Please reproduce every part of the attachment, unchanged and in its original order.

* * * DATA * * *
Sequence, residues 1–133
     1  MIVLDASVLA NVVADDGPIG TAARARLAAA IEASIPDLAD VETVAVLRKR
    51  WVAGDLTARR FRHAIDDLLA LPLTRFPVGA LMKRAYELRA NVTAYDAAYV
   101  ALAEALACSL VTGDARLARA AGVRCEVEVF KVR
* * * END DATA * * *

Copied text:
Sequence, residues 1–133
     1  MIVLDASVLA NVVADDGPIG TAARARLAAA IEASIPDLAD VETVAVLRKR
    51  WVAGDLTARR FRHAIDDLLA LPLTRFPVGA LMKRAYELRA NVTAYDAAYV
   101  ALAEALACSL VTGDARLARA AGVRCEVEVF KVR